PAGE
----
Beloved and Numerology

In literature, numbers are used to communicate important messages to the reader. The author uses references to numbers to strengthen the important ideas of the novel. In many cultures numbers carry an important or significant meaning to them. These numbers can carry a meaning more efficiently than using only words. In Beloved, Toni Morrison uses references to numbers to emphasize the significant ideas of the novel. Morrison uses these numbers to represent the persistence of slavery brought upon in Sethe’s life, her children’s life, Paul D.’s life, and Baby Suggs life, after slavery has ended. These references to numbers are important because they show how these characters are affected after it has ended. Through physical means, through the actions of these characters, and through psychological means of these characters, Morrison shows the haunting continuation and aftereffects of slavery.
In many novels the first sentence is the most important sentence in the novel. The first sentence can set the way for the remainder of the novel. In Beloved the first sentence, and first word of the entire novel uses numbers. Because numbers are used first, before any words, I find that the references to numbers are very important. 124 is in the first sentence on the first page. The sentence states, “124 WAS SPITEFUL” (Morrison 3). This sentence is in all capital letters and also bold print. This shows an importance that this reference to numbers has on the novel. This number used on the page sets up the haunting story of slavery in one particular black household. The number refers to the house number in which the main characters live in. This house, 124, is haunted by the ghost of the baby of the main character, Sethe, who is learned to be named Beloved. 124 is barely referred to as there home, instead just simply referred to as 124.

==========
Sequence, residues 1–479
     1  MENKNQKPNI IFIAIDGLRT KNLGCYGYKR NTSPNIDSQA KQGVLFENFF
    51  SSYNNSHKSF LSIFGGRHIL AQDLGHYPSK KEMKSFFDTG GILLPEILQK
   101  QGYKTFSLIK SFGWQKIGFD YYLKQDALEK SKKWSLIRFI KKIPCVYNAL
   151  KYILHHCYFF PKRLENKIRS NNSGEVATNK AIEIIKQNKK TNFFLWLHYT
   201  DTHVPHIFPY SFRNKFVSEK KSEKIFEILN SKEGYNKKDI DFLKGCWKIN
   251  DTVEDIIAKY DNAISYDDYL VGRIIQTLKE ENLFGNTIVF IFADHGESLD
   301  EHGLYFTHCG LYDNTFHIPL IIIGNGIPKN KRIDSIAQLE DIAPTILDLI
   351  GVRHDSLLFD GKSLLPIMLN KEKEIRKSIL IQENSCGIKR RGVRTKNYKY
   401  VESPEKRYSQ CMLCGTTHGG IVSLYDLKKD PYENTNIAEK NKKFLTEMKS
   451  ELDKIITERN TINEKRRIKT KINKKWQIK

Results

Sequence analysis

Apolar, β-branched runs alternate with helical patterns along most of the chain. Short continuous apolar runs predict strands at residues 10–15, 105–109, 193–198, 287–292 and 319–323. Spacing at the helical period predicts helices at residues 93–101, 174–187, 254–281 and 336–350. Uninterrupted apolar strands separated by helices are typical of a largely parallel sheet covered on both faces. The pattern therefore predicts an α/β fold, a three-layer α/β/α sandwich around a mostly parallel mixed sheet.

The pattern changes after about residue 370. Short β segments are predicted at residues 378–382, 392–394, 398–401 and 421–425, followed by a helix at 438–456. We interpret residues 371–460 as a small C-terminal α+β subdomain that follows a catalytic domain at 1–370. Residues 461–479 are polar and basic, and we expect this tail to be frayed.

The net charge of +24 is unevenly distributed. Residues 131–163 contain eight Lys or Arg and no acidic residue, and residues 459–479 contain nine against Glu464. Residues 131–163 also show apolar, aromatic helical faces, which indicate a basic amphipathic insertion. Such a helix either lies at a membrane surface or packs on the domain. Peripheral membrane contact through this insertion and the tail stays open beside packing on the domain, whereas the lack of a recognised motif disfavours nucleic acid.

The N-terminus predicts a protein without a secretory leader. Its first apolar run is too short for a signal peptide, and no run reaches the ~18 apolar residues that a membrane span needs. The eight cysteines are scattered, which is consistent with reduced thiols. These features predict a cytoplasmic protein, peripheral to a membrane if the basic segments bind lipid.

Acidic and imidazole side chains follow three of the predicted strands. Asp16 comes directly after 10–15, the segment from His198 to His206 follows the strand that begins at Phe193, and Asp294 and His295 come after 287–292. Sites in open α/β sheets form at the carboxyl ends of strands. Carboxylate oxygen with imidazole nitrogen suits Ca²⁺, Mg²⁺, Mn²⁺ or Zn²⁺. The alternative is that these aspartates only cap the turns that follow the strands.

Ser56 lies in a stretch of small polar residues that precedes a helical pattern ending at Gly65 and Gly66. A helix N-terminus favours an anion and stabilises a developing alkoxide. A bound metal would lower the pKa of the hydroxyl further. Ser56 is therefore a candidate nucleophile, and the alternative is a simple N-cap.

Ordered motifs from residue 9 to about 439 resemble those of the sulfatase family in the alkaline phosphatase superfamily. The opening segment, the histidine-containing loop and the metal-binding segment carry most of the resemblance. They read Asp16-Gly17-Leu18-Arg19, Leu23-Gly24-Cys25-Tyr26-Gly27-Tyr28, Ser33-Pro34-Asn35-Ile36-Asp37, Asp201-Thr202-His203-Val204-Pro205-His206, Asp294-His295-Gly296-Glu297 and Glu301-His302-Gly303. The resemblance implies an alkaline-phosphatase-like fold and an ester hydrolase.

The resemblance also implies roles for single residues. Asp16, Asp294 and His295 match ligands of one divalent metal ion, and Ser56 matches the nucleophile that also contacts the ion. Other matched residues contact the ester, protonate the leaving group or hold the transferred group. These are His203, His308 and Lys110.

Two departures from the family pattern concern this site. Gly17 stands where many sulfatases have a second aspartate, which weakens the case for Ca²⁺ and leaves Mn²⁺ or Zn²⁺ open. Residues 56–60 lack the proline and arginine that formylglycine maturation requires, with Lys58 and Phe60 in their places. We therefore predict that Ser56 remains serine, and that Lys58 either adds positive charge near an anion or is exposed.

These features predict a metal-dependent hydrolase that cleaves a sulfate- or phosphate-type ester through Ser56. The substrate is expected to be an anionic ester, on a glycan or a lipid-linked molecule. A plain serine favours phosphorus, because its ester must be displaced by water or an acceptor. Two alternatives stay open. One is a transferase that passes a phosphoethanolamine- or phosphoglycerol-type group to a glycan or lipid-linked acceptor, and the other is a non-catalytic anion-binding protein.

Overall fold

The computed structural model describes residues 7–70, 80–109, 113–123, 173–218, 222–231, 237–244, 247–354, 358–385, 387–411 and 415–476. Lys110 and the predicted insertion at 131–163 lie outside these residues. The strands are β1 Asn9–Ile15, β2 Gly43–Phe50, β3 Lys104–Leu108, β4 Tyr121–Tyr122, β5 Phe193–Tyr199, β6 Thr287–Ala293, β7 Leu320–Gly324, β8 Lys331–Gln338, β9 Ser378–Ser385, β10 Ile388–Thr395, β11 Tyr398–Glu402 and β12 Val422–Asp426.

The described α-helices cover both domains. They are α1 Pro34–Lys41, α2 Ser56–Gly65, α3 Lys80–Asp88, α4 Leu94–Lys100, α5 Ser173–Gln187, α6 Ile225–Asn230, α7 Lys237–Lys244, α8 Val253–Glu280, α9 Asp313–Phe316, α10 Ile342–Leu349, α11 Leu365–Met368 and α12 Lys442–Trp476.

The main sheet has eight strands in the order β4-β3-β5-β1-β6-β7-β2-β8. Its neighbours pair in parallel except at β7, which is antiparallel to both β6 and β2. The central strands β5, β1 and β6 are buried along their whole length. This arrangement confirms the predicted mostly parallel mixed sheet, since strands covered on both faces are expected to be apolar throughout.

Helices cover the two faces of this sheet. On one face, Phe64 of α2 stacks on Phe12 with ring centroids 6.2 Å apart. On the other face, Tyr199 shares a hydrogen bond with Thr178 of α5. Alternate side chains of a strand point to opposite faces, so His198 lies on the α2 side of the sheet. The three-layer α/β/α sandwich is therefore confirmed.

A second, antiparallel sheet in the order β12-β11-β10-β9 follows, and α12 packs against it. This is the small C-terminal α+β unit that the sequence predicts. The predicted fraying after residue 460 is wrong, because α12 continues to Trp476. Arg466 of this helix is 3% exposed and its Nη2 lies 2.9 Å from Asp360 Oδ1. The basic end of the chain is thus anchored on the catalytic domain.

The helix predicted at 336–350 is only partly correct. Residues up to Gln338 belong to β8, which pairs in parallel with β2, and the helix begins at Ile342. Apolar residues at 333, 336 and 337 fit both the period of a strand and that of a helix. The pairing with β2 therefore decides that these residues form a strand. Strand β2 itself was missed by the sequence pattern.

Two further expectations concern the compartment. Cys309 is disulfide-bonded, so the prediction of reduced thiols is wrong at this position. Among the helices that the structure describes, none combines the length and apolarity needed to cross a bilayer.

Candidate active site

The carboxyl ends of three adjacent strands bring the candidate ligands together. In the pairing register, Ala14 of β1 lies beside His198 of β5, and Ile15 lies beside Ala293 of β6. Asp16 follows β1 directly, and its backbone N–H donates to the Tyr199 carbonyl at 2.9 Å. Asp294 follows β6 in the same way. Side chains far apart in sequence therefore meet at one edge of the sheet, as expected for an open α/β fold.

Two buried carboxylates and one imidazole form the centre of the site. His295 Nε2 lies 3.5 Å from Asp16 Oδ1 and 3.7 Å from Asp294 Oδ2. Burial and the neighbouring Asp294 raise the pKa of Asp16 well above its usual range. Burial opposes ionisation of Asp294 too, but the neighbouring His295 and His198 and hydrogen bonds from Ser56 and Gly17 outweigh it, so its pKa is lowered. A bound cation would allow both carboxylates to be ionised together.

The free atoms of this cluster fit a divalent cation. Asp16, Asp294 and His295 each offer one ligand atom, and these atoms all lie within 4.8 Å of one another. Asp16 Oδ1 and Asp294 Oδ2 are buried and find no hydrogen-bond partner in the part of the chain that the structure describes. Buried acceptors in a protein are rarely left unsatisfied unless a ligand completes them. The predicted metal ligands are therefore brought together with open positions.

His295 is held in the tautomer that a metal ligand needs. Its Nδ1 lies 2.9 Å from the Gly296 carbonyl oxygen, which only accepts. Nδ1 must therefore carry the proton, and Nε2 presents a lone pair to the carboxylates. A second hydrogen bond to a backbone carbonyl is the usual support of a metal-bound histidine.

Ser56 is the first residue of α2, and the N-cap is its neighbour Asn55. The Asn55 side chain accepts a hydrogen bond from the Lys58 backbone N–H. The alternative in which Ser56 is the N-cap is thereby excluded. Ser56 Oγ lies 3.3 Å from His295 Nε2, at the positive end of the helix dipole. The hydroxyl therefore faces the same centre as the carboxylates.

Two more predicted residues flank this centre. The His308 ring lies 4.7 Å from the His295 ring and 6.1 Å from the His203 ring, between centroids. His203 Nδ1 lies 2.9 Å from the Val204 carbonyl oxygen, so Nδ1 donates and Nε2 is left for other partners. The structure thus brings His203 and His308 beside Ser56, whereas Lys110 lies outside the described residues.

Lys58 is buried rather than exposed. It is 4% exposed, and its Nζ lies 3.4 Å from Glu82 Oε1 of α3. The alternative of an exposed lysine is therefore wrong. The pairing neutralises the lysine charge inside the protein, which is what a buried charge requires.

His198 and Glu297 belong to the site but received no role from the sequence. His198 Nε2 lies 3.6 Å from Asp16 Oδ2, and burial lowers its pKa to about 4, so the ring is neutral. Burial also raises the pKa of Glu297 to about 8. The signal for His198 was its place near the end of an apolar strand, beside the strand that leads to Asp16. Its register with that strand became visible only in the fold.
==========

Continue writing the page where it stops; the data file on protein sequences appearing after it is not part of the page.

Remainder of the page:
This number 124 plays a bigger meaning in the novel than simply a house number. When taking a look at Sethe’s children: Howard, Buglar, Beloved and Denver, a relationship is brought upon between her four children and 124. Howard and Buglar left 124, Sethe killed Beloved, and that leaves only Denver to take care of. Sethe killed Beloved in order to escape slavery for herself and for her children. Howard and Buglar, the two eldest children, then left when they became a little older because they could not stand the haunted house. This leaves only the fourth child with Sethe. The first, second, and fourth children are alive. 1, 2, and 4. Beloved is the dead third child. It seems as if Beloved is left out, and this feeling of being left out is very evident in Beloved’s personality when we meet her later in the novel. The actual house 124 symbolizes the continuation of slavery brought upon through physical means. It cannot be called home to these characters because the haunting by the dead third child, Beloved, is directly related to the past of slavery, which seems to haunt these characters continuously. The character of Beloved is physical mean to represent the after effects of slavery. Her haunting causes the characters feel enslaved and isolated in 124. Morrison also portrays Beloved to be important to the house of 124 in another way. When adding up the numbers in 124 the amount is seven. That is also the amount of letters in the name Beloved. Morrison does this to put an emphasis on the importance of Beloved and how her ghost represents the past of slavery
Through the actions of the characters a revival of the evils of slavery are evident in 124. Sethe flees from Sweet Home, where she is enslaved, in order to lead a life as a “free” woman. She wanted the best for her children and for herself. When Sethe arrived at 124, Howard, Buglar, Denver and Baby Suggs were already there. Sethe delivered Denver on her journey to 124 to reunite with the rest of her family. The life at 124, with Sethe, her children and Baby Suggs seems to be a recreation of life as slaves. Death, running away, loneliness, and not being free are all issues that slaves deal with. These issues of slavery are continued in life at 124, even though none of the